The European Commission will examine specific incentives and a new pricing system to develop innovative antibiotics in its pharmaceutical strategy, in a bid to take a more ambitious stance against the rising threat of anti-microbial resistance (AMR).
Unveiled on Wednesday (25 November), the strategy is designed to improve and accelerate patients’ access to safe and affordable medicines while also supporting innovation in the EU pharmaceutical industry.
When it comes to AMR, the strategy highlights that the “current incentive models do not provide a sustainable solution,” calling on new business approaches that include incentives for the development of innovative antimicrobials as well as a new pricing system.
AMR claims 33,000 lives in the EU every year, and is also responsible for an annual economic loss estimated at around €1.5 billion. It is expected to become a bigger killer than cancer by 2050.
AMR decreases the capability to treat infectious diseases and threatens the ability to perform routine surgery, the document states.
“What we saw with COVID-19 was the actual impact of antimicrobial resistance,” said Health Commissioner Stella Kyriakides, pointing out that many lives were lost during the pandemic because the pharmaceutical market alone has not been able to develop new antimicrobials.
The Commission is mulling over whether to pilot innovative approaches to research and development (R&D) and public procurement for antimicrobials and their alternatives.
The aim is to provide the so-called “pull” incentives for novel antimicrobials by 2021. The “pull” mechanism pay for results rather than for the effort on the part of researchers, creating incentives for private sector engagement by creating viable market demand.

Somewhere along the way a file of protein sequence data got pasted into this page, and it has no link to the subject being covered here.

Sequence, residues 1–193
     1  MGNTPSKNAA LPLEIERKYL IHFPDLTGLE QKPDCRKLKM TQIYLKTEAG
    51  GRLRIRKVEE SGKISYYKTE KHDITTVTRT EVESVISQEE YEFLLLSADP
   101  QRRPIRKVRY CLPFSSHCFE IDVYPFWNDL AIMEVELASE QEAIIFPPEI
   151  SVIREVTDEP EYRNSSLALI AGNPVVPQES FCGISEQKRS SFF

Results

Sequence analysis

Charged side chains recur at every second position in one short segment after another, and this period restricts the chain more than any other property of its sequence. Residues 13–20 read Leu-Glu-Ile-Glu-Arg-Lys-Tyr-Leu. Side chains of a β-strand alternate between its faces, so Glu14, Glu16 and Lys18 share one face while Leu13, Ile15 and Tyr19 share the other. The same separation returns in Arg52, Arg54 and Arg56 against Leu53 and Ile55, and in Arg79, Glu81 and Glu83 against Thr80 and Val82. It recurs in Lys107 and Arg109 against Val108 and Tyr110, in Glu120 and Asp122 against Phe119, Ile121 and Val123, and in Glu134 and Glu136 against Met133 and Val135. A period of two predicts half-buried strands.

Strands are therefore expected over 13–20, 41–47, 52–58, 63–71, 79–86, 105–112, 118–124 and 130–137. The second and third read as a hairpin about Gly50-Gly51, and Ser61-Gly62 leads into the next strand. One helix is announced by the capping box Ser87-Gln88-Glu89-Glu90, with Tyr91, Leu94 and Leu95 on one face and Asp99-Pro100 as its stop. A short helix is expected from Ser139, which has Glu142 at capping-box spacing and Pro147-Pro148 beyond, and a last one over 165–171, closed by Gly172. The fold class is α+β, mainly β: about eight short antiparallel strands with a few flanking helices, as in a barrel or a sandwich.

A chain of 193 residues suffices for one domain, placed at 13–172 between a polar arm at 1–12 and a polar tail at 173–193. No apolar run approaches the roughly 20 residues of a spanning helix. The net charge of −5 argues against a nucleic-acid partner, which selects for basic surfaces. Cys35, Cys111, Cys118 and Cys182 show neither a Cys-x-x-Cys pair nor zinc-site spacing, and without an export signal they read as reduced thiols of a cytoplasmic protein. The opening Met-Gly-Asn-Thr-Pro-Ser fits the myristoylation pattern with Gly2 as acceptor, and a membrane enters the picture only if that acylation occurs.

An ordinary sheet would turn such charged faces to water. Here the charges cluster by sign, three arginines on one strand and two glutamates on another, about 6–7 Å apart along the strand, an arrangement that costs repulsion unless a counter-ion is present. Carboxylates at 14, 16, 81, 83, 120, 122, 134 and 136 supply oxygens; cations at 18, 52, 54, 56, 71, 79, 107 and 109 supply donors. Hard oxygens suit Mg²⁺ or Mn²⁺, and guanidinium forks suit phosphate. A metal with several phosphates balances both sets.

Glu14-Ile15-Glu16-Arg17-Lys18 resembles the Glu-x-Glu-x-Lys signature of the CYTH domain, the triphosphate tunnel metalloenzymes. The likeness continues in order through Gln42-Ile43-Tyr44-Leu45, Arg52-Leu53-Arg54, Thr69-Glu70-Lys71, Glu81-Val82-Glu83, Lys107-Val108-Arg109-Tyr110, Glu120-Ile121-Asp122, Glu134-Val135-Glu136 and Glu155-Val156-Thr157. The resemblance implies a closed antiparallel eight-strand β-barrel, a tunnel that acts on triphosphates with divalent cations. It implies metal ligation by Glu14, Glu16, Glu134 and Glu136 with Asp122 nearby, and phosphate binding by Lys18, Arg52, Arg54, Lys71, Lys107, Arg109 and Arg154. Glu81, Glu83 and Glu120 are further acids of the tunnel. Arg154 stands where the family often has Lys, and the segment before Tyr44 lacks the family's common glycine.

Promoting investments and coordinating the research and manufacturing of novel antibiotics will be also in the mandate of the newly set EU Health Emergency Response Authority (HERA), tasked with strengthening the coordination of operations across the entire health value chain.
Misuse and overuse of antibiotics in recent years has led some microorganisms, also called superbugs, to develop antimicrobial resistance, meaning that medicines become less effective and infections persist in the body, increasing the risk of spread to others.
However, the strategy points out that measures to reduce excessive and inappropriate use can have the unintended effect of reducing investment in new antibiotics.
Therefore, the EU executive wants to address the problem by reducing the use of antibiotics and incentivising the development of innovative antimicrobials.
Other non-legislative actions envisaged by the Commission include a communication to healthcare professionals and patients promoting prudent use of antibiotics.
The association representing the community pharmacists (PGEU) welcomed the plans to further address AMR. “Community pharmacists are ready to enhance their contribution to keep antibiotics working and to advise patients on the appropriate handling and disposal of pharmaceuticals,” they said in a note.
In 2019, the European Court of Auditors (ECA) published a report that said that more than 99% of funding from the EU budget for AMR-related actions was directed at research, with EU-funded AMR related research exceeding €1.5 billion since 2004.
The majority of this funding has gone towards developing new antimicrobials, alternative treatments and vaccines.
The audit found that due to the complex nature of AMR research, this has not yet yielded any major breakthroughs and research projects were often delayed, concluding that, nevertheless, this research must be guaranteed.
[Edited by Benjamin Fox]